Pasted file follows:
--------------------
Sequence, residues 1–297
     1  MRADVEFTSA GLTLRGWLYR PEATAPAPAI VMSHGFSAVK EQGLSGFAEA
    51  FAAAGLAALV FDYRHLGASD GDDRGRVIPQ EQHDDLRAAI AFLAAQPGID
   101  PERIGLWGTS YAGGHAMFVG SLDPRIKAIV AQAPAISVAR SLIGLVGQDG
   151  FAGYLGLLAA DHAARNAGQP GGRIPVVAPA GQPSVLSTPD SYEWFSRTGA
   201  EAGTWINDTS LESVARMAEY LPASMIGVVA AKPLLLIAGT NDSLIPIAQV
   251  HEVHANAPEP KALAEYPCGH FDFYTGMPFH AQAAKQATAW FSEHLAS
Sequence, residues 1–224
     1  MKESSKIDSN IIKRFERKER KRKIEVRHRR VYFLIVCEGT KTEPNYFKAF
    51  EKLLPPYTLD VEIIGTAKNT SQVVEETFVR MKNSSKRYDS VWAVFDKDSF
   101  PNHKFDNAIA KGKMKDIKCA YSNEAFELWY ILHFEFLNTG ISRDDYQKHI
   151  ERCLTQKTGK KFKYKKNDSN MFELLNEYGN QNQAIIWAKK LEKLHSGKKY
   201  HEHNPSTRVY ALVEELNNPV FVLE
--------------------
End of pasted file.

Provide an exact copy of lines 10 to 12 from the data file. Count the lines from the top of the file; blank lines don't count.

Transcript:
    51  EKLLPPYTLD VEIIGTAKNT SQVVEETFVR MKNSSKRYDS VWAVFDKDSF
   101  PNHKFDNAIA KGKMKDIKCA YSNEAFELWY ILHFEFLNTG ISRDDYQKHI
   151  ERCLTQKTGK KFKYKKNDSN MFELLNEYGN QNQAIIWAKK LEKLHSGKKY